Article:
Waffle-Day & Useful Info About Scandinavian Waffles

Posted by Martina Wade | Food & Recipes, Fun stuff, Scandi Life
vaffel med smør - scandinavian waffle

Waffle-Day & Useful Info About Scandinavian Waffles

Waffles are a big thing in Scandinavia. Thin and heart-shaped they come with a boatload of strong opinions on how to eat them, when to eat them and what to put on them. There are as many opinions as there are recipes – as many recipes as there are waffle-lovers.

One thing we all agree on is how we feel about them. Waffles are – it seems – a truly nostalgic thing. Something we all remember from our childhoods. From a fika with the family, a well deserved break in the (not-so) strenuous Sunday hike, a treat in between matches in the annual week-long summer football tournament, or from any given Wednesday at your lovely, lovely work-place (where waffles often appear on Wednesdays for some unknown reason).

You may have some questions about waffles and why we waffle (pardon the pun?) on so much about them. That’s ok. Your waffle-fears may now be put to rest – we’re here to educate you about Scandinavian waffles.

1. What is a Scandinavian waffle and how is it different from a Belgian Waffle?

A Scandinavian waffle differs from the Belgian in many ways, most notably is the shape. Scandinavian waffles are thinner, and typically consist of 4-5 heart shapes joint in a ring, as opposed to the rectangular Belgian version. Heart-shaped = even lovelier, of course.
scandinavian waffle vs belgian waffle
The batter is also different – Scandinavian waffles tend to have a less sweet batter, often with a sour component such as sour cream. They should be crispy and slightly buttery with a slightly sweet flavour.

2. Why do we celebrate the Waffle-day on the 25th of March?

Good question! Waffle-day is originally a Swedish thing, and the reason it is on the 25th of March is that the Swedish word for Waffle day – Våffeldagen – sounds very similar to ‘Vårfrudagen’ (Our lady’s day), which is the day Jesus was ‘conceived’. 25th of March = 9 months before Christmas Day.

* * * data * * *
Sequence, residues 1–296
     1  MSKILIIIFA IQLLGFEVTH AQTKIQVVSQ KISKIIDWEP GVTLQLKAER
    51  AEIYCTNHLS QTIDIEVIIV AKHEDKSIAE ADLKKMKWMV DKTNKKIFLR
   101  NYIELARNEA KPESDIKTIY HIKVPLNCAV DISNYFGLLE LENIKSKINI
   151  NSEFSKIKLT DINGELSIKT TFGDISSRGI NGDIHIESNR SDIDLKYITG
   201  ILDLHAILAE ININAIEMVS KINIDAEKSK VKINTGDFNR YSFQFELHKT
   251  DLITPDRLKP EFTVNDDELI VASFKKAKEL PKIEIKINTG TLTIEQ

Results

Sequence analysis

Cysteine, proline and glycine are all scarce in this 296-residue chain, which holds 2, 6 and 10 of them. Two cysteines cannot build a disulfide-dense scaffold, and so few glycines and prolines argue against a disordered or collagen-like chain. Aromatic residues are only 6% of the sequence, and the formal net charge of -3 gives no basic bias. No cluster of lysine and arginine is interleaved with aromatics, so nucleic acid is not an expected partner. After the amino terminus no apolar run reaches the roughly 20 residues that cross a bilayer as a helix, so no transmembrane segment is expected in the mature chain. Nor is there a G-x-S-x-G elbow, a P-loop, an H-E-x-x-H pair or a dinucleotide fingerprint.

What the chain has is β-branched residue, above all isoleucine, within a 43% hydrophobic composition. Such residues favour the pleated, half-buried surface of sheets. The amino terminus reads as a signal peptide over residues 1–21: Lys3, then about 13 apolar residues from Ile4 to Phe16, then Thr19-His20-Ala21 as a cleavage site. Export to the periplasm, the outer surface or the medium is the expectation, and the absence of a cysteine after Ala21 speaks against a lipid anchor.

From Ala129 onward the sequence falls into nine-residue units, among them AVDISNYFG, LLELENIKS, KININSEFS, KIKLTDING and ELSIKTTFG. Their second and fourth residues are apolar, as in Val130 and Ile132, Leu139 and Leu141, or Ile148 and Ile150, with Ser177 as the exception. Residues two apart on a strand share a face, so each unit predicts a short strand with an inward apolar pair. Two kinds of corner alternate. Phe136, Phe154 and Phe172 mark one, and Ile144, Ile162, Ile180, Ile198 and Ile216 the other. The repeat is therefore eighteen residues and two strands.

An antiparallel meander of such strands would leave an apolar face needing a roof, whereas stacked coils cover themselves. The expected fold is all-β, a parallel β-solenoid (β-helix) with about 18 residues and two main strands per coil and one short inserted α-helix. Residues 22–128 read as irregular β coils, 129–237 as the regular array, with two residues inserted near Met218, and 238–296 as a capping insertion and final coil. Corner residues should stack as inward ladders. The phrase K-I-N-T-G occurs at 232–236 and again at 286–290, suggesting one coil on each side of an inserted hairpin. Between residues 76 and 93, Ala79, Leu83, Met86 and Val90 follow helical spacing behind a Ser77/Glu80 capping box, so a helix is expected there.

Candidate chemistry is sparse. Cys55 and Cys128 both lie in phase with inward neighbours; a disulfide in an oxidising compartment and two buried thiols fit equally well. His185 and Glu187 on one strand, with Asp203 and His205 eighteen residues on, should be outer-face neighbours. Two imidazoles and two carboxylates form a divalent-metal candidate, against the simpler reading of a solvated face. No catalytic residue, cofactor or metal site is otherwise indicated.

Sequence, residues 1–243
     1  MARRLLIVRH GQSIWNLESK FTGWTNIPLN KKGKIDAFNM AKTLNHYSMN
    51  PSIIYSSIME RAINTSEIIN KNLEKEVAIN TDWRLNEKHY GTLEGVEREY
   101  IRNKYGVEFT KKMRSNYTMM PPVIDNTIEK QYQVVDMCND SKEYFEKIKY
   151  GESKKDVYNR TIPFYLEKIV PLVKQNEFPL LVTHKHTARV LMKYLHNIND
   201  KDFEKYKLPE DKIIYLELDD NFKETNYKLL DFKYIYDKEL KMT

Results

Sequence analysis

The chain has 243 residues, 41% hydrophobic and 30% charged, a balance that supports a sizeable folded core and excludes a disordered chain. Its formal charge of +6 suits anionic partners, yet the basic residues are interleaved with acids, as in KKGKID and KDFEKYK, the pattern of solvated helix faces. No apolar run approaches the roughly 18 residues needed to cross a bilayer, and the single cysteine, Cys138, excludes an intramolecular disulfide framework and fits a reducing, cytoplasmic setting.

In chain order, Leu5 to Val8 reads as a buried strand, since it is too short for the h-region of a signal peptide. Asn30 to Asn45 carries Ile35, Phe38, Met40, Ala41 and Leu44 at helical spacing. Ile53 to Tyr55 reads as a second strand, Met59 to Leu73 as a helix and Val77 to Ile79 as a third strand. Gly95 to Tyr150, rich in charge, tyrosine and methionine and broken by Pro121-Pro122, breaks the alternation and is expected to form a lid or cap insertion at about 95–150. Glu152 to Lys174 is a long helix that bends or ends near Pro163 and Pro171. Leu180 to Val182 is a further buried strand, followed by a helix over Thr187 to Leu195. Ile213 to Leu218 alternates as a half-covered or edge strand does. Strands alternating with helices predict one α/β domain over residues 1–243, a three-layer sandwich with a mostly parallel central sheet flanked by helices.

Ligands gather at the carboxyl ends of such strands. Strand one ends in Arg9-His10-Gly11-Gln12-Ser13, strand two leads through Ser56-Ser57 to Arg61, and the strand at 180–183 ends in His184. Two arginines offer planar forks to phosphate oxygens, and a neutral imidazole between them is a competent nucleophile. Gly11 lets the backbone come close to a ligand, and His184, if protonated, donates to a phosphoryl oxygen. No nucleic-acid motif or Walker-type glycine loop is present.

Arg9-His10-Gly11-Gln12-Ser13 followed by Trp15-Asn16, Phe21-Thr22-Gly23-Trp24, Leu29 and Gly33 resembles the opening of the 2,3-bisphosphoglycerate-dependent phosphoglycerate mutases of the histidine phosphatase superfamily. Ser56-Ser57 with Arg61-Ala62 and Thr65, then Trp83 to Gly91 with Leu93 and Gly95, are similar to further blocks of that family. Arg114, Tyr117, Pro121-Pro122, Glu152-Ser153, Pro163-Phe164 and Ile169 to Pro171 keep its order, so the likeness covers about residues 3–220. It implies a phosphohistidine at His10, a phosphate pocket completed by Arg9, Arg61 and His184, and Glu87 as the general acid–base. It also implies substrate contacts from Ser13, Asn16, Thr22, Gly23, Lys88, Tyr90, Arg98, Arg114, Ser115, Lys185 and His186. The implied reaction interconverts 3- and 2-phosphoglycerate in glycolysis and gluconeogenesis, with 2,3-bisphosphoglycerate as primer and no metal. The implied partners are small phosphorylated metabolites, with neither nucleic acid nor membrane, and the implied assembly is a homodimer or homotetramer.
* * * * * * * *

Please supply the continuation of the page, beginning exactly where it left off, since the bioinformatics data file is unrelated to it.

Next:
‘But of course!’, the Swedes thought, ‘we need a dedicated waffle day but it would be confusing to have two days with such a similar sounding name. Let’s combine the two and make it one super-holiday where we can celebrate the beginning of Jesus AND eat waffles.’
(Did we mention how much we love the Swedes?) There you have it – a phonetic phenomenon is the reason for waffle-day being when it is. And some lovely Swedish logic.

3. What can I put on my waffle?

In Scandinavia, most people choose sweet toppings, including a variety of jams, whipped cream or fresh fruit and berries in summer. Waffles are not necessarily limited to sweet toppings though – try creme fraiche and smoked salmon for a lovely savoury waffle.

 

Here are 5 other ways to eat Scandinavian waffles;
  1. Waffle with brown cheese – melting, tangy/sweet brown cheese on a mildly sweet, waffle hot from the griddle. It is a beautiful thing. Top with raspberry jam for a sweeter finish. A Norwegian speciality. No, you can’t swap the jam. Some people also eat waffles with brown cheese and kaviar (yep – this stuff).
    Brunost_vaffel brown cheese waffle
  2. Hot-dog in waffle. Yep, you read that right. A steamed wiener-sausage wrapped in a sweet waffle. It’s a staple in Moss (in the middle of nowhere) and the Norwegian equivalent to a certain Gordon Ramsay is rumoured to be the man behind it, when he as a young boy worked in his uncle’s hot dog stand. Sounds odd, tastes delicious. Slightly sweet waffle paired with a savoury, meaty sausage. Yum!
    hot dog waffles
  3. Waffle with whipped cream and wild strawberries. This indulgence screams summer. Tiny, sweet, intensely flavoured wild strawberries – called smultron in Swedish with a ligthly sweetened whipped cream. Just..pure tastebud-waffle-bliss. In lack of smultron you can sub your favourite fresh seasonal fruit or berries or a good quality jam at a pinch.
    vaffel med rømme og syltetøy - waffle with sour cream and jam
  4. Waffle with butter. Yours truly – Martina, in this case – has the following method of ensuring the perfect amount of butter on the waffle; ‘Think of the little diamond dents in the waffles as windows. The goal of buttering it is to light up each window. In other words, fill each dent with lovely salted butter. This is tooth-butter meet waffle. A sprinkling of sugar if you so desire – then tuck in.
    vaffel med smør - scandinavian waffle
  5. Waffle with jam and sour cream. Your favourite sweet jam and a dollop of thick sour cream. Delicious. You will have more than one – just give in already. Napkin at the ready!
    vaffel med rømme og syltetøy - waffle with sour cream and jam

Now we want to hear your waffle-memories.

Perhaps you spent a summer frying waffles day in and day out to feed the hordes of hungry tween-agers playing football?

Or you have a favourite recipe you’d like to share? A favourite topping? Do let us know – we’d love to learn more.

Fancy waffles? We do, too.. Here’s our favourite recipe for crispy Swedish waffles, the recipe is a sneakpeek from ou new cookbook (out later this year). Or for instant waffle-satisfaction, shop our waffle mixes here – there’s even a gluten-free version there.

Comments

Payment types accepted
Secure Shopping with
Free shipping on orders over £60
£0.000 items